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Sandwich Dilemma

In this dated, but still relevant paper, “Evolving a language in and for the real world“, Bjarne Stroustrup laments about one of the adoption problems that (still) faces C++:

Since the overarching theme of C++ is, and always has been, “efficient abstraction“, it’s not surprising that long time efficiency zealots and abstraction aficionados would be extremely skeptical of the value proposition served up by C++. I personally know this because I arrived at the C++ camp from the C world of “void *ptr” and bit twiddling. When I first started studying C++, its breadth of coverage, feature set, and sometimes funky syntax scared me into thinking that it wasn’t worth the investment of my time to “go there“.

I think it’s easier to get C programmers to make the transition to C++ than it is to get VM-based and interpreter-based programmers to make the transition. The education, more disciplined thinking style, and types of apps written (non-business, non-web) by “close to the metal” programmers maps into the C++ mindset more naturally.

What do you think? Is C++ the best of both worlds, or the worst of both worlds?

  1. hungry hungry hippo-fish
    March 3, 2012 at 8:26 am

    I have to say that I am disappointed with this post. I thought the title would outline a broad debate over the perceived differences and values between a grilled reuben and a po’boy.

    • March 3, 2012 at 9:54 am

      Sorry. Maybe I’ll address the issue in a future post. Even though Reubens rule, fried hippo fish sammiches on Friday are pretty damn good too. Speaking of fish on Fridays….. ????

  2. March 3, 2012 at 8:49 am

    Interesting question. Both C++ and Modern Java have similar processes to get from source code to machine code. And the recent (post JIT compilation) benchmarks I’ve seen suggest that they have similar efficiency.

    There are a couple of apparent differences, though:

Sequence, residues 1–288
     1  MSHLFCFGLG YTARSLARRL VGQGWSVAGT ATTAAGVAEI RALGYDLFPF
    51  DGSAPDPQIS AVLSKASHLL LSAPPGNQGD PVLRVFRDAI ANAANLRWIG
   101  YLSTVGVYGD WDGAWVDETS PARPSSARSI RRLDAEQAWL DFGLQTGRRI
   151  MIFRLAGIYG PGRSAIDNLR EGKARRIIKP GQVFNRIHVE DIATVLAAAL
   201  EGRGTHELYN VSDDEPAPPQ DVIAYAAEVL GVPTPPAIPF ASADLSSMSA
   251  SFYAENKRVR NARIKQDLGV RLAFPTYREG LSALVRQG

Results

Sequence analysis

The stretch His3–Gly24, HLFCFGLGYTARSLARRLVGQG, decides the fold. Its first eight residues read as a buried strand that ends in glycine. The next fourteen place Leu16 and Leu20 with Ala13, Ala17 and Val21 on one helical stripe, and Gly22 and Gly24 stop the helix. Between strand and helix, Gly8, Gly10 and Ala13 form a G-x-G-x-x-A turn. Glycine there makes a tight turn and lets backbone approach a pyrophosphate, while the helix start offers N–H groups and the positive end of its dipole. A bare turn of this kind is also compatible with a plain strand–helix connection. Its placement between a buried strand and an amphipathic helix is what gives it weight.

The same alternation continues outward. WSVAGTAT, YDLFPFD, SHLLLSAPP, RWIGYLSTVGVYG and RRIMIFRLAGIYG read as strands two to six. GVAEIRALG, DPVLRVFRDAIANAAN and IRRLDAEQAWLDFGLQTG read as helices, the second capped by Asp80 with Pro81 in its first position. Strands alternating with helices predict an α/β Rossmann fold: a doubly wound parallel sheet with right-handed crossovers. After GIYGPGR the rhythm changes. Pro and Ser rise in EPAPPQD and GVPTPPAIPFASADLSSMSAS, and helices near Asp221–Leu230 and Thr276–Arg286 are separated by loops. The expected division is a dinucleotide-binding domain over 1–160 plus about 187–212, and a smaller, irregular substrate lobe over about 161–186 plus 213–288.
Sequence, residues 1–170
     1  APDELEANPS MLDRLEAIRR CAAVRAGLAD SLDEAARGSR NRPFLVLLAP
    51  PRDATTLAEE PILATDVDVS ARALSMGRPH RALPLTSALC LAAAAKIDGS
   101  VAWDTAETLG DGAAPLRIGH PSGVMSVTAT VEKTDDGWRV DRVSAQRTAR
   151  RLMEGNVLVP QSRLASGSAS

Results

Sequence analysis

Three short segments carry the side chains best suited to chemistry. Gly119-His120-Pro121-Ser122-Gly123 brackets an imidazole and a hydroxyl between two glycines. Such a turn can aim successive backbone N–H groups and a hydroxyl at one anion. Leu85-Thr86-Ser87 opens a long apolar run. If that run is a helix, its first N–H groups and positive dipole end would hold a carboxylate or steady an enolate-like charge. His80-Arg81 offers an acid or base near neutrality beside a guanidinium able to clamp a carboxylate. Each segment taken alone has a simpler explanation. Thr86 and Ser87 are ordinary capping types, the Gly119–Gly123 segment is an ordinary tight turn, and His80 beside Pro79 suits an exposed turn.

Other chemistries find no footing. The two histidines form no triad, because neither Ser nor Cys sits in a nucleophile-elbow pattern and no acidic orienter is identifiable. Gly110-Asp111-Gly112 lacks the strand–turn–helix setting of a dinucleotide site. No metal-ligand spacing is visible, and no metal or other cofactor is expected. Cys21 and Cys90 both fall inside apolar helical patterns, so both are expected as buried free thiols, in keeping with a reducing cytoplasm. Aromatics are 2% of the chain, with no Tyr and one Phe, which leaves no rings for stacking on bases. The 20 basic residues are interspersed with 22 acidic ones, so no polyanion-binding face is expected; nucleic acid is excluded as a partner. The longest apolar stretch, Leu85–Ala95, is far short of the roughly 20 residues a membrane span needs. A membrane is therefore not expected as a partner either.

1. Java compiles to abstract byte code and doesn’t JIT until a library is loaded. C++ performs its optimization pass in p-code before generating machine code, trading build-time overhead for run-time

    2. Java uses pass-by-value semantics, while C++ supports both pass by pointer, reference, and value. Pass by value leads to hidden calls to copy constructors, which cause inefficiencies in code written by unsuspecting newbies.

    3. C++ makes programmers handle their own freeing of memory. Java has built-in garbage collection. The C++ approach leaves programmers vulnerable to a class of memory errors, such as leaks, double delete, freeing addresses not allocated, etc. Java GC is still vulnerable to leaks (if programmers leave dangling references), but addresses the other issues. The price is that GC can take a while (in computer execution time) and can be started at inconvenient times.

    In the end, it seems to me that Java and C++ started out being very different, and over time have evolved to be more similar.


    • March 3, 2012 at 9:52 am

      Thanks for your thoughtful analysis Charlie. I too think the languages have started converging to some extent. I think that Java, which was highly touted at launch as being simpler to use/learn because it was a pure OO language (which C++ was never meant to be) and had garbage collection, has moved toward C++ with JIT and, more importantly, the tainting of its pure OO roots with the introduction of generics. There’s still one major difference. Java is an entire environment whilst C++ is just a language. Bjarne Stroustrup & the ISO C++ committee have always wanted it that way (the “efficient” part of the “efficient abstraction” goal) and it looks like they want it to stay that way for the foreseeable future.

    • May 28, 2012 at 4:38 pm

      I think you stayed in the 80’s.
      Have a quick look at Modern C++. C++98/03 or C++11 (better).

      The “Newbies” argument doesn’t seem valid to me.
      You’ll find surprises in any language if you don’t know it enough.
      If I want to code ala Java in C++, I will find surprises.
      If I want to code ala C++ in Java, I will also find surprises.
      Newbies should learn and practice, then they can write production code.
      It is true that detailed knowledge of C++ takes longer than Enterprise/Web Java-like languages.

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